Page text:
REMINISCENCE – Review by Susan Granger

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Set sometime in a dystopian future in water-logged Miami – reflecting climate change and rising tides – the pulpy story introduces Nick Bannister (Hugh Jackman), who – with his partner Watts (Thandiewe Newton) – operates a flotation tank in which people can retrieve selective memories from their past.

These memories – archived in Nick’s vault on glass discs – are projected in hologram-like 3-D visual recordings.

“Time is no longer a one-way stream…Memory is the boat that sails against its current, and I’m the oarsman,” Nick declares in a repetitive voice-over. “The past is just a series of moments, each one perfect, complete, a bead on the necklace of time…Nothing is more addictive than the past.”

When the doorbell rings, into Nick’s scruffy life steps a Femme Fatale (Rebecca Ferguson). The dame’s named Mae. She’s a sultry cabaret singer, specializing in torch songs. She says she can’t find her keys, but it’s abundantly obvious that she’s after Nick. But why?

A convoluted conspiracy revolves around corrupt slumlord Walter Sylvan (Brett Cullen), his wife (Marina de Tavira), his mistress (Angela Sarafyan) and his sniveling son (Mojean Aria) – plus a drug kingpin (Daniel Wu), peddling an addictive opiate called ‘baca.’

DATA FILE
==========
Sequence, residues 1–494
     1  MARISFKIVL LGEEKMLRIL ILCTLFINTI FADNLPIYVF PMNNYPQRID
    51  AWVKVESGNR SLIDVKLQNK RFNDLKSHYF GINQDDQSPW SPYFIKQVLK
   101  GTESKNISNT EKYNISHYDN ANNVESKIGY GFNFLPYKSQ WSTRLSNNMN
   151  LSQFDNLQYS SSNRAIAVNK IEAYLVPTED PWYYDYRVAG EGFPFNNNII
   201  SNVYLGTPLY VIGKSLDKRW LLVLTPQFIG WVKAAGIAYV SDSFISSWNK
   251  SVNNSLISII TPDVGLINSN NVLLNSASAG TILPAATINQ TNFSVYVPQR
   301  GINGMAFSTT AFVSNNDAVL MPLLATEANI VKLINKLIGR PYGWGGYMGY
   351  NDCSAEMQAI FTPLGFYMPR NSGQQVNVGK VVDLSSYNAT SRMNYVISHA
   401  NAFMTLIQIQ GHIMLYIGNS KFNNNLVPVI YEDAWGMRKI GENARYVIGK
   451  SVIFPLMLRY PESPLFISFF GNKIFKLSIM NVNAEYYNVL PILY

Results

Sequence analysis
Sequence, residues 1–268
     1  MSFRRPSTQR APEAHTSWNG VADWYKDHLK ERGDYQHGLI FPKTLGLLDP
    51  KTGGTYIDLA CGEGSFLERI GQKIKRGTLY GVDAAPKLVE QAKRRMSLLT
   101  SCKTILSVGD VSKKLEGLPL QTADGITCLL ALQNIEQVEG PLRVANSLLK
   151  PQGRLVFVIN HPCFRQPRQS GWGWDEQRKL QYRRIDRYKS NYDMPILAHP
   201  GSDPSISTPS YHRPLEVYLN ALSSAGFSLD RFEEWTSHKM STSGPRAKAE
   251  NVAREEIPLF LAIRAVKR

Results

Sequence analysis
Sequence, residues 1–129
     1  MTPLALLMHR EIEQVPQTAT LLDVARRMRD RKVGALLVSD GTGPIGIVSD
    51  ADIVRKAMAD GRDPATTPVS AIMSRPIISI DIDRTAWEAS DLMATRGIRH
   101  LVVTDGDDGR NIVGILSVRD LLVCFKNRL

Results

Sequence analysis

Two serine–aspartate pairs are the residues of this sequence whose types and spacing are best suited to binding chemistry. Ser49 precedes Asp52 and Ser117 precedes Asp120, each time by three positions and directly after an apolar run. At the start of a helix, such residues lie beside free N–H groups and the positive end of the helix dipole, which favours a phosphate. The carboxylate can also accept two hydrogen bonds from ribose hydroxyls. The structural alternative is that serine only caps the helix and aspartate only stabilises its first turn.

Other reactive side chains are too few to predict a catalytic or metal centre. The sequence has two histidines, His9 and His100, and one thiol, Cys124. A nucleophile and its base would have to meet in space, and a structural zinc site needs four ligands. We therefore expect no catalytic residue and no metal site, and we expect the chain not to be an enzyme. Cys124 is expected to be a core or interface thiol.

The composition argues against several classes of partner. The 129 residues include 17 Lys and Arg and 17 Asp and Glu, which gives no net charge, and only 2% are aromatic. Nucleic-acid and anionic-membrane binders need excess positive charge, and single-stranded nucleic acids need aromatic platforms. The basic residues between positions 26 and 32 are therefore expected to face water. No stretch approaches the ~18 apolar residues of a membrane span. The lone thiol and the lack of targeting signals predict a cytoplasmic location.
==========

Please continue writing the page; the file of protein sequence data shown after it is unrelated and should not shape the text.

So what went wrong on this South Beach jog down memory lane?

Perhaps it’s because first time feature writer/director Lisa Joy, who co-created HBO’s Westworld with her husband, Jonathan Nolan, Christopher Nolan’s brother, wrote a clunky, cliché-filled, confusing script – plus, her predictably melodramatic pacing plods.

Although Ferguson and Jackman previously teamed in The Greatest Showman, there’s little on-screen chemistry with more talk than action.

On the Granger Gauge of 1 to 10, “Reminiscence” is a frustrating, forgettable 5, available in theaters (if you want to risk the Delta variant) or on HBO Max.

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Susan Granger

Susan Granger is a product of Hollywood. Her natural father, S. Sylvan Simon, was a director and producer at R.K.O., M.G.M. and Columbia Pictures; her adoptive father, Armand Deutsch, produced movies at M.G.M. As a child, Susan appeared in movies with Abbott & Costello, Red Skelton, Lucille Ball, Margaret O'Brien and Lassie. She attended Mills College in California, studying journalism with Pierre Salinger, and graduated from the University of Pennsylvania, Phi Beta Kappa, with highest honors in journalism. During her adult life, Susan has been on radio and television as an anchorwoman and movie/drama critic. Her newspaper reviews have been syndicated around the world, and she has appeared on American Movie Classics cable television. In addition, her celebrity interviews and articles have been published in REDBOOK, PLAYBOY, FAMILY CIRCLE, COSMOPOLITAN, WORKING WOMAN and THE NEW YORK TIMES, as well as in PARIS MATCH, ELLE, HELLO, CARIBBEAN WORLD, ISLAND LIFE, MACO DESTINATIONS, NEWS LIMITED NEWSPAPERS (Australia), UK DAILY MAIL, UK SUNDAY MIRROR, DS (France), LA REPUBBLICA (Italy), BUNTE (Germany), VIP TRAVELLER (Krisworld) and many other international publications through SSG Syndicate. Susan also lectures on the "Magic and Mythology of Hollywood" and "Don't Take It Personally: Conquering Criticism and other Survival Skills," originally published on tape by Dove Audio.